ESG Focus: The Virus And Shrinking Democracies

ESG Focus | Feb 19 2021

FNArena's dedicated ESG Focus news section zooms in on matters Environmental, Social & Governance (ESG) that are increasingly guiding investors preferences and decisions globally. For more news updates, past and future:

2020 has seen the biggest global shrinkage of personal liberties during peacetime, but it's all about the global pandemic and last year's trend is not necessarily spelling doom and gloom for the world's democracies

ESG Focus: The Virus & Shrinking Democracies

-The global pandemic’s seen the biggest global rollback of personal liberties during peacetime
-Autocratic leaders are using the pandemic as justification for further suppression of citizens
-Today just 23 nations – most in Western Europe – are deemed full democracies

by Ed Kennedy

The democratic model of government suffered a major setback in 2020 around the world.

That’s according to the findings of The Economist’s Democracy Index 2020. 70% of the countries included in the index saw a decline in the overall score, according to Agathe Demarais, Global Forecast Director, and Ana Nichols, Industry Operations Director, of The Economist’s Intelligence Unit, the hosts of a recent webinar on the Index’s findings.

The Good and Bad News in the Data

The Democracy Index measures each nation via the health of its electoral process, its civil liberties, the functioning of government, and related metrics.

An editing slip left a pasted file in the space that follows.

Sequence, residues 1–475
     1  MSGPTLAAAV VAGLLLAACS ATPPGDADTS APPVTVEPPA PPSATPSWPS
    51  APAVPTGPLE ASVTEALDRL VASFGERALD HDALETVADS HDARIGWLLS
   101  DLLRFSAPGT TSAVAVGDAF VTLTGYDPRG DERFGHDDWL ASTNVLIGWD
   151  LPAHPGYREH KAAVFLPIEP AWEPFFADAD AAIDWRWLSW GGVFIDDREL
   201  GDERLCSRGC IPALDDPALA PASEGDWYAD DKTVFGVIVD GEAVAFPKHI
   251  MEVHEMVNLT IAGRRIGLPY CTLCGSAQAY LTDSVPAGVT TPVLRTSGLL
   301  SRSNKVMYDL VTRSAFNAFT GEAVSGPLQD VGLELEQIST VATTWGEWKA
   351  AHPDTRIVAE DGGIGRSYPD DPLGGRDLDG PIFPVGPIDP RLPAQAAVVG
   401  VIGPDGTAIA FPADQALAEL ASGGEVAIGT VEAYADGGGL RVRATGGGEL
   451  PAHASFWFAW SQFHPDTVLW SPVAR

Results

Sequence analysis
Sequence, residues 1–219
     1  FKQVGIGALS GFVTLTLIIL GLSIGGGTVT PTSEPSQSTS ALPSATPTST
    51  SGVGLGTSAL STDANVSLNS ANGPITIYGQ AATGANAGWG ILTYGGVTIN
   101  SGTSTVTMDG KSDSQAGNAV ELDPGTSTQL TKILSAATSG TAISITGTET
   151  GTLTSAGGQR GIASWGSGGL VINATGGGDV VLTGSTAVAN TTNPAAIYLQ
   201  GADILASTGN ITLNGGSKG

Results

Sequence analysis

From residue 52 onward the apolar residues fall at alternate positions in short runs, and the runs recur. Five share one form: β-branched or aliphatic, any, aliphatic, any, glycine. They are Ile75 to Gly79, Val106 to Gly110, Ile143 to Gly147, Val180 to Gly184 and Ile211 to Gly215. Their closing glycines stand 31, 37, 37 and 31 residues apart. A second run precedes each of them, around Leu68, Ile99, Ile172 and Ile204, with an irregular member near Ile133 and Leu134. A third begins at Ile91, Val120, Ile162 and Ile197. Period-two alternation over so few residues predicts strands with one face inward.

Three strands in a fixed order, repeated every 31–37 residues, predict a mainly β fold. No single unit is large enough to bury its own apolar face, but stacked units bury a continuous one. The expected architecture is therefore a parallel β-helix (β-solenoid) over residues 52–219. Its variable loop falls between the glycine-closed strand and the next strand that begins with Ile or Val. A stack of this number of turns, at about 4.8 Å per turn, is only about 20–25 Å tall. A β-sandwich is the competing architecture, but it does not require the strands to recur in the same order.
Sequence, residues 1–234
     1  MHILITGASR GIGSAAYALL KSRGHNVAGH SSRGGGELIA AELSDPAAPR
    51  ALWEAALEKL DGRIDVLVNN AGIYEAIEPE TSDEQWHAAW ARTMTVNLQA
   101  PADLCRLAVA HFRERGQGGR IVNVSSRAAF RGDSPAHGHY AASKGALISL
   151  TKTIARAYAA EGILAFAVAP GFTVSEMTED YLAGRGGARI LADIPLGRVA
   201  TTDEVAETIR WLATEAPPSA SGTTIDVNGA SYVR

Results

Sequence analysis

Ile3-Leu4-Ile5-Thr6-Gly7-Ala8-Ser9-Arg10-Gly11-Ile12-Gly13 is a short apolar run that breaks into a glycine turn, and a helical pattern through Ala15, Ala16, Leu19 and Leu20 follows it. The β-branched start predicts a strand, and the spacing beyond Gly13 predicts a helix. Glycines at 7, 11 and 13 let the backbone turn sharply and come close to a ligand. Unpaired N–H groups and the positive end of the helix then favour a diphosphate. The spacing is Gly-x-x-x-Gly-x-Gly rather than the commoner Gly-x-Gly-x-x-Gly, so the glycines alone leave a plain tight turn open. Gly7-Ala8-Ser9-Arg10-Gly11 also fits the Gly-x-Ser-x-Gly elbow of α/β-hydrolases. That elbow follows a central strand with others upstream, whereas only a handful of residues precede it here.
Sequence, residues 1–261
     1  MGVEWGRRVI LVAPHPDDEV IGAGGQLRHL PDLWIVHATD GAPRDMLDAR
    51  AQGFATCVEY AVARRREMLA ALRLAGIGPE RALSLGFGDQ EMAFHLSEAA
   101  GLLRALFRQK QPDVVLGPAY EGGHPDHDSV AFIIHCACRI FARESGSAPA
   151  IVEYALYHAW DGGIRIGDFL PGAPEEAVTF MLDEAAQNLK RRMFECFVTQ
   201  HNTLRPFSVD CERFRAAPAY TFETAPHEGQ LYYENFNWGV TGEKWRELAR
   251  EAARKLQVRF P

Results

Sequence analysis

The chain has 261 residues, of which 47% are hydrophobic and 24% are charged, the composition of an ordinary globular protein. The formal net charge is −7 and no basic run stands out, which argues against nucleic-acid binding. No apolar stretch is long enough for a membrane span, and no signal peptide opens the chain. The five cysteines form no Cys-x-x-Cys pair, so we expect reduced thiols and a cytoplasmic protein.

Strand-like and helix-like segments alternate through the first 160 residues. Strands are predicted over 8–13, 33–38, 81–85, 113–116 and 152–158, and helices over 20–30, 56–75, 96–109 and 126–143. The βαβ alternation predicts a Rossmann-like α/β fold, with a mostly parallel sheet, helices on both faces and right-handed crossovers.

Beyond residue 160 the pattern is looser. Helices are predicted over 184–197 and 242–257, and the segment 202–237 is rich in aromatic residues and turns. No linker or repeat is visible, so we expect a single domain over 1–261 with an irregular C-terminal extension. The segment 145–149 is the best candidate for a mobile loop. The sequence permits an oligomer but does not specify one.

2020’s global average score on the Index hit an all-time low of 5.37 (out of 10). It’s a regression upon the previous year’s score of 5.44.

The vast majority of countries covered by the Index recorded a decline in their total score. When measured by their total average score, every region of the world also recorded a regression.

For those of us who live in free societies and would like to keep doing so, such statistics are very confronting. Yet a contextualisation of the data in combination with a recognition of 2020’s unusual dynamics show that democracy’s current condition is serious, but by no means terminal.

Nonetheless, the pandemic’s emergence confirms there are a number of fractures in the current democratic model governments across the world use, just as autocrats are using the pandemic to their advantage in further restricting individual freedoms within their regimes.

The Campaign Pitch for Democracy

Advocates of the democratic model argue it's the greatest vehicle for empowering economic growth, especially in combination with a free market economic model.

With the right to protest shall come the right to bargain for higher wages and better working conditions, with the right to free speech corruption can be called out, and the ability for citizens to pursue private enterprise in lieu of operating in a planned economy encourages commercial innovation and upward mobility.